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Using Macroarrays Containing Sugarcane ESTs to Identify Aluminum

By Benjamin Flores,2014-11-26 13:52
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Using Macroarrays Containing Sugarcane ESTs to Identify Aluminum

Using Macroarrays Containing Sugarcane ESTs to Identify Aluminum-induced Genes in Maize

Felix, J.M., 1) Duarte, R.D.,1) Jorge, R.A. 2), Arruda, P., 1) and Menossi, M. 1)

    1) Centro de Biologia Molecular e Engenharia Genética, Departamento de Genética e Evolução, Instituto de Biologia, Universidade Estadual de Campinas (UNICAMP), CP 6010, Campinas, SP, 13083-870, Brazil.

    2) Departamento de Físico-Química, Instituto de Química, UNICAMP, Campinas, SP, Brazil.

Key words: aluminum, acid soils, cDNA arrays, cross-species hybridization, maize, sugarcane

Abstract

    Aluminum (Al) toxicity affects the productivity of several crops in acid soils, which comprise up to 40% of arable land in the world. The first and most dramatic symptom of Al toxicity is the inhibition of root growth. Our group has been involved in the Sugarcane Expressed Sequence Tag (SUCEST) project which has generated around 50,000 genes from several tissues. Based on the high level of nucleotide identity found between sugarcane and maize genes, radiolabeled cDNA probes from maize would be expected to hybridize with the sugarcane ESTs on the arrays. In this work, we have confirmed this hypothesis by showing that sugarcane macroarrays can be used to identify Al-induced genes in maize.

Introduction

    Aluminum (Al) is the most abundant metal in the earth’s crust. Since many plant species are sensitive to micromolar concentrations of Al, the potential for soils to be Al toxic is considerable (Delhaize and Ryan, 1995). In acid soils, the solubilization of Al is enhanced and Al toxicity is a major factor limiting plant production. The primary effect of Al in plants is the inhibition of root growth, which causes a decrease in water and nutrient uptake. Because Al exerts a strong selective force, plants have developed strategies to overcome Al toxicity.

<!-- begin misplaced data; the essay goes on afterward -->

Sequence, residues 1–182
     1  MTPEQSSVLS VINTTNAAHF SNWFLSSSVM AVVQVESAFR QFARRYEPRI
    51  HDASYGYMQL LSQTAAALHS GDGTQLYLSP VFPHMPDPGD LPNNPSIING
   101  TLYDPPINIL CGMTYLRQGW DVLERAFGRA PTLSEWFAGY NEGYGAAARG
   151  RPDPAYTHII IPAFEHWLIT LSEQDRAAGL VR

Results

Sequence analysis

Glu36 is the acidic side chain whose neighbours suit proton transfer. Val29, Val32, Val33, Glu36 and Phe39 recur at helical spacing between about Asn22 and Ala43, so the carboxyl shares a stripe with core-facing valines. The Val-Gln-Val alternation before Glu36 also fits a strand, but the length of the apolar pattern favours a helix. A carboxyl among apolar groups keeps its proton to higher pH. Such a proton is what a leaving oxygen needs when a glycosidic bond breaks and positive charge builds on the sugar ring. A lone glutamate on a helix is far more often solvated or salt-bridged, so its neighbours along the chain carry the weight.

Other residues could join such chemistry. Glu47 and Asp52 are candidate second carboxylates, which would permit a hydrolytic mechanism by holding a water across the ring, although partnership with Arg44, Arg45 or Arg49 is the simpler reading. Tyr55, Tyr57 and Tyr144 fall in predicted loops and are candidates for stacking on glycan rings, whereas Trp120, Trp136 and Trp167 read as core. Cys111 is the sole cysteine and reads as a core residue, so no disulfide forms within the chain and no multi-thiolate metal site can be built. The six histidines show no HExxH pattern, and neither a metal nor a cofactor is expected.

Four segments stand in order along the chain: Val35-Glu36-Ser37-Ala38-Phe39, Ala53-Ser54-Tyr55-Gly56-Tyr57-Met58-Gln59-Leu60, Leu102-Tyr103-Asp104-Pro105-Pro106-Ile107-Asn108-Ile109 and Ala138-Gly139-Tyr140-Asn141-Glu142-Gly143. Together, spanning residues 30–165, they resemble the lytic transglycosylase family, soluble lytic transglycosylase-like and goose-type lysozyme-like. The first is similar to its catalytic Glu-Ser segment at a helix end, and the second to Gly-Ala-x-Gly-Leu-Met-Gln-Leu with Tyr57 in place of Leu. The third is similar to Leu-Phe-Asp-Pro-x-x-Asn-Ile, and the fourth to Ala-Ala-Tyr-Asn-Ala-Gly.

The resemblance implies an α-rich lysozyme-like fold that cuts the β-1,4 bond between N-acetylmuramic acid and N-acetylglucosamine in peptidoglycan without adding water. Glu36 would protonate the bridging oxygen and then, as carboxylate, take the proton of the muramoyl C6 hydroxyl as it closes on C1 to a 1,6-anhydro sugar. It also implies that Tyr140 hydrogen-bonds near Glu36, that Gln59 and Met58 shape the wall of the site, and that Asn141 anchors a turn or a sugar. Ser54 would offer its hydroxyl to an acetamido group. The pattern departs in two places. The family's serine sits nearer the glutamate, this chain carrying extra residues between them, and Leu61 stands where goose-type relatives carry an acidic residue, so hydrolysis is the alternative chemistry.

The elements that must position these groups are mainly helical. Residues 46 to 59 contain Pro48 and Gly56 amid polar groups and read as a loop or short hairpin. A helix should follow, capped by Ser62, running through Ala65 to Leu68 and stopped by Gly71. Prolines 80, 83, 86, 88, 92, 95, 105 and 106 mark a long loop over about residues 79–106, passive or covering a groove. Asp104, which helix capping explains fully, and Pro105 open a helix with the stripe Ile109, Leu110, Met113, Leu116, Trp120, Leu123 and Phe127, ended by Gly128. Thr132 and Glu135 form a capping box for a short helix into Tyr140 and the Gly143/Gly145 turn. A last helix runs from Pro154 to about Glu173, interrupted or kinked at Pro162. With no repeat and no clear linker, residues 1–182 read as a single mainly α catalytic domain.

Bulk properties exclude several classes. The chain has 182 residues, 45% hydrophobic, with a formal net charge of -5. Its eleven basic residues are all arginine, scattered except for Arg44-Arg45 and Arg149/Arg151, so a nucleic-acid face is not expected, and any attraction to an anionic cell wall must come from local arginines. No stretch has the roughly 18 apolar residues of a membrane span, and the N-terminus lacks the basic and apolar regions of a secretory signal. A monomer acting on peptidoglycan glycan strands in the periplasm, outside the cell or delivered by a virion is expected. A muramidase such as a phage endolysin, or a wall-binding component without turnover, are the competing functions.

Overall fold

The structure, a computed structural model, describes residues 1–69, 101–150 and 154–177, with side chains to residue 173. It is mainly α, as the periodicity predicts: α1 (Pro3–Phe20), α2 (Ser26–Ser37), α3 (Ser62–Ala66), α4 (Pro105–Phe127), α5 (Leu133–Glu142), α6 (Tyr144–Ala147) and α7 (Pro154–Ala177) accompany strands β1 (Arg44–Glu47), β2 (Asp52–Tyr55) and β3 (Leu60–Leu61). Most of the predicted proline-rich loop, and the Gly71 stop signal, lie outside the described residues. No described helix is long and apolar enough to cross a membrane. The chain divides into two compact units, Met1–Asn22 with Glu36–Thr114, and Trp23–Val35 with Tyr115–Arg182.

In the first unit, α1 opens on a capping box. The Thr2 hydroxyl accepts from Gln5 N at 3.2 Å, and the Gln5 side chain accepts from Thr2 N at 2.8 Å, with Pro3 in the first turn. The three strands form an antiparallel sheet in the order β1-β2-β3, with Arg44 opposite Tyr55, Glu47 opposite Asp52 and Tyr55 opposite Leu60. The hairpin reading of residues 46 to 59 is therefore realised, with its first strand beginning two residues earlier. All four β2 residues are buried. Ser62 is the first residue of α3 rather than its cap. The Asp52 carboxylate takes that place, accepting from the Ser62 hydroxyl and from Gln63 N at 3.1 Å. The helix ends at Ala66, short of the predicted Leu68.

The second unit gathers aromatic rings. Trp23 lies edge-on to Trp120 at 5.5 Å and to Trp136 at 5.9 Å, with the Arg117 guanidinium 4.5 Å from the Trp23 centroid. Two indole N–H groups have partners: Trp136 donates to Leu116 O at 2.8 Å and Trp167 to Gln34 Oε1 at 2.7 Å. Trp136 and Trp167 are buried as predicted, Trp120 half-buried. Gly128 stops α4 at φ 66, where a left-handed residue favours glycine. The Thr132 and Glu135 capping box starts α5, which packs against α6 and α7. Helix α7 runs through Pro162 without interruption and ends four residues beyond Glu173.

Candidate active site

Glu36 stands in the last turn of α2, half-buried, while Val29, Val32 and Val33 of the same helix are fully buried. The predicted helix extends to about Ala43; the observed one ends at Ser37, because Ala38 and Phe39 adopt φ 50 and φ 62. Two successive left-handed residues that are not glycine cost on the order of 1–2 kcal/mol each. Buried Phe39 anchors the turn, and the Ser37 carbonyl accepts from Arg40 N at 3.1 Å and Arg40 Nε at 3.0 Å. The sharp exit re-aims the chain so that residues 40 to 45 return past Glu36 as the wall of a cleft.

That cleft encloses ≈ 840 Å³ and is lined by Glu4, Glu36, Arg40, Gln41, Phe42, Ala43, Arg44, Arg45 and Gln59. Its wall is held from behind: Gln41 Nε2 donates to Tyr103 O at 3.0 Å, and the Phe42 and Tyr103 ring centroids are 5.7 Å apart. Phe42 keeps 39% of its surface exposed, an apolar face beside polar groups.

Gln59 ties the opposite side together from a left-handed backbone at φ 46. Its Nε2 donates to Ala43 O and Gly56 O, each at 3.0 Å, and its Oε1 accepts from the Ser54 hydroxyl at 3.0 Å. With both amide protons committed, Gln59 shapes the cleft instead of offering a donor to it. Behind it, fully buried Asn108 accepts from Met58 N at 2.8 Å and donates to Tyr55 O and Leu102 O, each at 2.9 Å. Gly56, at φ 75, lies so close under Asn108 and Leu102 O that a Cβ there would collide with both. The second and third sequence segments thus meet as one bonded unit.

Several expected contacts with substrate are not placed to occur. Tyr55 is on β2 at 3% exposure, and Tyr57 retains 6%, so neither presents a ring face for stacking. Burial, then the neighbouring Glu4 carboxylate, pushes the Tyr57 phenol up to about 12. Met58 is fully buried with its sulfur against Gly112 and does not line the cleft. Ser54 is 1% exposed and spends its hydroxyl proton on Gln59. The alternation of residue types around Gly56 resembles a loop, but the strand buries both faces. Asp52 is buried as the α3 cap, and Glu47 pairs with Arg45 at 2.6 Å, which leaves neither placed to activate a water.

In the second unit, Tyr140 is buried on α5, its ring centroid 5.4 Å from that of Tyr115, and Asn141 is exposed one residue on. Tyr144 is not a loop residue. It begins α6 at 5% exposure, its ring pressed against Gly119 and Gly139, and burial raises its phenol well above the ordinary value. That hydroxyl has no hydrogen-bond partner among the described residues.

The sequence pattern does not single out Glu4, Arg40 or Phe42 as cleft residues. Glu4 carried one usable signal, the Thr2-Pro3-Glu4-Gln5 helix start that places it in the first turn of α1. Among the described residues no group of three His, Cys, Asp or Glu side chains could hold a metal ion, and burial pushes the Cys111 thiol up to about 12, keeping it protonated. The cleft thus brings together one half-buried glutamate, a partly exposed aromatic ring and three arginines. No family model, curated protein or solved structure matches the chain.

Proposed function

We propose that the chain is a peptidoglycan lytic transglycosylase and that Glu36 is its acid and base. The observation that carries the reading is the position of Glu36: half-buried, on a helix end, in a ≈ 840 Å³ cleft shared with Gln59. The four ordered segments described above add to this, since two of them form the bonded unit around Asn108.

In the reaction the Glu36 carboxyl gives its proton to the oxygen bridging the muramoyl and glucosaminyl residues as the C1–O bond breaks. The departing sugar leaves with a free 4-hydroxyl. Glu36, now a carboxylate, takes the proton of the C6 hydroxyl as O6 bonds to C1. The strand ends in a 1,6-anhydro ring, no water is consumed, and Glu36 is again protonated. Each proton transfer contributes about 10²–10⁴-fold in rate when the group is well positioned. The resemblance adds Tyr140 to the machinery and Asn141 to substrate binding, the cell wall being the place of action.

The cloning of genes induced in response to this ion is a key step to clarifying the mechanisms of Al toxicity and tolerance in plants. In the past five years, the hybridization of DNA arrays has become a powerful tool for evaluating the expression of thousands of genes in parallel (Scheena et al, 1995).

    The use of heterologous probes to screen cDNA and genomic libraries is common practice, especially for studying closely related species. As our lab has been working in the sugarcane EST project (sucest.lbi.ic.unicamp.br), we decided to evaluate whether DNA arrays containing sugarcane ESTs from root libraries could be used to identify Al-induced genes from maize.

Materials and methods

    Plasmids containing sugarcane ESTs from root libraries of the SUCEST project were denatured with 0.2 M NaOH in 96-well microtitre plates and deposited on Hybond N nylon filters (12 cm x 8 cm) using a 96-pin manual replicator (V&P Scientific, USA), to give a total of 384 ESTs in duplicate. DNA was fixed to the filters by baking at 80?C.

    Zea mays seedlings from the inbred lines Cat100-6 (Al-tolerant) and S1585-17 (Al-sensitive) were grown in nutrient solution containing different Al concentrations (Moon et al, 1997). Total RNA from root apex was extracted accoding to Logemann et al. (1987). 32Alpha-P-labeled cDNA probes were obtained from 30 ;g of total RNA as described by Schummer et al. o(1999). DNA array filters were hybridized for 16 h at 42C using high stringency hybridization conditions and then

    exposed to X-ray films (Sambrook et al, 1989). Autoradiographies were inspected to detect differences in the signal from control and treated cDNA probes. Northern blot hybridizations were done as described by Sambrook et al. (1989), using high stringency hybridization conditions.

Results 32Two replicate membranes containing 384 sugarcane ESTs were obtained. The alpha-P-labeled cDNA probes